Friday, March 12, 2010
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So there I was, realizing that after 30 minutes, Bongbong Marcos still wasn't there. Of course I was kinda pissed off that this man would be late for the meeting. That was a minus point from me. The meeting hasn't even started yet, I said to myself.
Amidst a sea of MacBooks, MacBook Airs, Lenovo Idea Pads, and Lenovo Think Pads, the son of the late strongman arrived. What I loved upon first meeting him was the fact that he wasn't exerting an annoying effort to be extra bubbly and friendly, common among politicians courting for our precious votes. He was just cool and normal to me.
Funny how some introduced themselves and told Congressman Marcos that they're connected to him. We came from the same school or My mom is the blah-blah-blah of your blah-blah. In my mind, I was like, "Are you guys sure Bongbong would really care if you are connected to this and that"?
Anyhoo, the food was great. We had lasagna, pasta primavera, clubhouse sandwich, kasoys (sarap!) and that seafood pizza which I couldn't stop eating using my fingers. This is a free meryenda, I'd eat my way through it! Haha!
Questions have been asked to Mr. Marcos. However, I felt kinda disappointed with the questions he was being asked. Cos I thought all the people needed to do was to look up the dyaryo and read what Marcos had to say regarding issues. You know, the questions were about the power crisis, what would be his agenda for the youth (which I thought was a really lame question), and others. I was thinking about maybe deviating away a bit from the line of questioning that he was being asked. Since I love sports, my question was how he could stop the POC-PSC wars, which I think is a big pain in the butt.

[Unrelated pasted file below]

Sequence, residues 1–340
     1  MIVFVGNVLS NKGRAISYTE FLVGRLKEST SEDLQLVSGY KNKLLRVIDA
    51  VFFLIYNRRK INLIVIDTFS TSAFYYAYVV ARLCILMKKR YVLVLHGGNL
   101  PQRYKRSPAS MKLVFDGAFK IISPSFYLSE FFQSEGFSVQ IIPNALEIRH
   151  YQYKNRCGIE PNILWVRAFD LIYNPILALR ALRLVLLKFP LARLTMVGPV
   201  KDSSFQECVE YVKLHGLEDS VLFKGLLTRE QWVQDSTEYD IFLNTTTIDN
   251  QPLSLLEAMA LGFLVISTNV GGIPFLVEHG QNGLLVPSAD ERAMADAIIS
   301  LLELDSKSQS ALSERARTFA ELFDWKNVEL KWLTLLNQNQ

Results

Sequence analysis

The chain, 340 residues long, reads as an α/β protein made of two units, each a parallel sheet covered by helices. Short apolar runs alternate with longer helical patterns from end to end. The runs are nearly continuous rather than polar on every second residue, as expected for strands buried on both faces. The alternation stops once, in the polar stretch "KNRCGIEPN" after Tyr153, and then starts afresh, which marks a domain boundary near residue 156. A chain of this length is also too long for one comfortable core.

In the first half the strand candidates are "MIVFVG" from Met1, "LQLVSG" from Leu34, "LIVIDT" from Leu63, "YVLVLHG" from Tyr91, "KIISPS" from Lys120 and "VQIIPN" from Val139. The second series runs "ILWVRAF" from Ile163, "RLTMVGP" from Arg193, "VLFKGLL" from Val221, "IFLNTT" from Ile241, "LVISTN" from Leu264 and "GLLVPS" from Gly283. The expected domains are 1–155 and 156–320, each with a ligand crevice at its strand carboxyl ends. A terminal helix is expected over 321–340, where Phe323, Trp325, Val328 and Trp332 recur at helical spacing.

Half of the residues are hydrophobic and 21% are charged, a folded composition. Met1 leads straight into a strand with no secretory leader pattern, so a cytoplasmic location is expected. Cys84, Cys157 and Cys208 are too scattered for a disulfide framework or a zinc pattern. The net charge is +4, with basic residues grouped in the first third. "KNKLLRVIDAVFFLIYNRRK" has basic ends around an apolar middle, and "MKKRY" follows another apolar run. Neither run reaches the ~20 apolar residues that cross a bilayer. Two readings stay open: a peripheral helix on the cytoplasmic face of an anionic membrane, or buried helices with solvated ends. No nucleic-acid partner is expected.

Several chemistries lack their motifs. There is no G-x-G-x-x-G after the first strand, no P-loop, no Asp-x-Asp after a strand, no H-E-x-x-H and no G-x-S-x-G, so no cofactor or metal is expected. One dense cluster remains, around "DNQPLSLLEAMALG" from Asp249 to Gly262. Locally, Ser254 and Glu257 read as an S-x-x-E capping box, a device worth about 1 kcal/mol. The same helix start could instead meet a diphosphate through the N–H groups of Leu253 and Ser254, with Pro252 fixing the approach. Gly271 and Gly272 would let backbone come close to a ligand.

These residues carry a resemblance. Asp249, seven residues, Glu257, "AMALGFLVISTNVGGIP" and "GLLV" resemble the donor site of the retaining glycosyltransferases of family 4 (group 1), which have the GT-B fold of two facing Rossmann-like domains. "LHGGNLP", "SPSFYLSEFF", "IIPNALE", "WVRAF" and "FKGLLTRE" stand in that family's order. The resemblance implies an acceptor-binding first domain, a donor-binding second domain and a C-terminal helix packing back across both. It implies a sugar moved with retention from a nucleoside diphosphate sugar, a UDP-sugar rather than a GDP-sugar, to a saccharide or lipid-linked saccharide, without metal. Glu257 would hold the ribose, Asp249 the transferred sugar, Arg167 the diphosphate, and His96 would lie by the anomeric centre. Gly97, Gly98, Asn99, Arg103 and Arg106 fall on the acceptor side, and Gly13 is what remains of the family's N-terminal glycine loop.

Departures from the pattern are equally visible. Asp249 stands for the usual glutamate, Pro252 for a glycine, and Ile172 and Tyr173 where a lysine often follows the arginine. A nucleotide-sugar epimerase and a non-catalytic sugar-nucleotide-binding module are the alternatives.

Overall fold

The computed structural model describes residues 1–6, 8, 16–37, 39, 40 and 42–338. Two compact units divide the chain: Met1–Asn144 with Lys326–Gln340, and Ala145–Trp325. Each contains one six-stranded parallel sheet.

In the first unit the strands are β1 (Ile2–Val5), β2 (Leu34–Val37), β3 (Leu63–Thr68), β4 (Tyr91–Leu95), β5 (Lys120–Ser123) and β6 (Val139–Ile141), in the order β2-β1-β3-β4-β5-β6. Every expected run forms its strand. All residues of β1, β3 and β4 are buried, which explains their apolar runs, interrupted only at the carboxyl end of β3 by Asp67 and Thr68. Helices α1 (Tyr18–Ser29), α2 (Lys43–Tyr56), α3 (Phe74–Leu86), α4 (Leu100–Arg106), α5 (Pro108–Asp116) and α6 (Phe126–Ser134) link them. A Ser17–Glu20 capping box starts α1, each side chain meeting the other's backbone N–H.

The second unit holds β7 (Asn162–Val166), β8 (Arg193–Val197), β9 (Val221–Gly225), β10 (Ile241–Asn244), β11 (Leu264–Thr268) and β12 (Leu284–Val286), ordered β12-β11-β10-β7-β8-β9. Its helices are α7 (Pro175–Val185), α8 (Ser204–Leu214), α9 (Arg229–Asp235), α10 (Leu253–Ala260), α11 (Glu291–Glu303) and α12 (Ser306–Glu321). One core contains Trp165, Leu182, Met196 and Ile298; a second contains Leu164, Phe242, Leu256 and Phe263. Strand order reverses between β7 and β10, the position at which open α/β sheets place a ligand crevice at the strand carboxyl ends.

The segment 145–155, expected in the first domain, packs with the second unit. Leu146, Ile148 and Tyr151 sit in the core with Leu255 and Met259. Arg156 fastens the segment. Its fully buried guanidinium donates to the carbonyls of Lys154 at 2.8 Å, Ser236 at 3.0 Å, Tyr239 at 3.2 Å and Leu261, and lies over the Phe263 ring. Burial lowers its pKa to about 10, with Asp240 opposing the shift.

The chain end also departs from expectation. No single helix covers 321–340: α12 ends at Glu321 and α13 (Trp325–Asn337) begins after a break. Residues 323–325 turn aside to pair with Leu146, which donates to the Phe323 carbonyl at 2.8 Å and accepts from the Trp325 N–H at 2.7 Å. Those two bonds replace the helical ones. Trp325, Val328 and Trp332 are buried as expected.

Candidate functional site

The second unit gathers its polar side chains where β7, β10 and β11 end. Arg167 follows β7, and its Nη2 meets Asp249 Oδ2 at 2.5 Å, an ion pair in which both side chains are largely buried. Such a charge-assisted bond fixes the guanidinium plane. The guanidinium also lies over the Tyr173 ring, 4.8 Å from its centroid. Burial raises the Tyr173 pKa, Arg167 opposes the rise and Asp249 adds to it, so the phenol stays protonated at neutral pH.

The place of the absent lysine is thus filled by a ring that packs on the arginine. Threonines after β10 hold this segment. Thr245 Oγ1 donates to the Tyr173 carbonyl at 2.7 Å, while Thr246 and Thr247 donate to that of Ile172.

When Bongbong answered, I knew he was familiar with Filipino sports, which I thought was impressive. We shared the same helpless feeling, although his was more pronounced because he knew who to pinpoint for the blame. He knew that for as long as the corrupt sports officials (from the POC) are still there, we will never really succeed in sports. Like every politician, he believed the private sector would be of great help by financing our athletes' training.
Of course, he wanted his father to be buried at the Libingan ng mga Bayani. He joked about the urban legend that the real Bongbong is really dead. He shared his dream to someday perform with Mick Jagger. He spoke of his belief in the Filipino. If there was one thing that I really liked about him, it was his belief that solutions to national problems should not be political, or popular in nature. As he was explaining his argument, I thought he made sense.
This post was written by: Jerick Baluyot
Jerick Baluyot is a professional blogger, writer and digital marketing specialist. Follow him on Twitter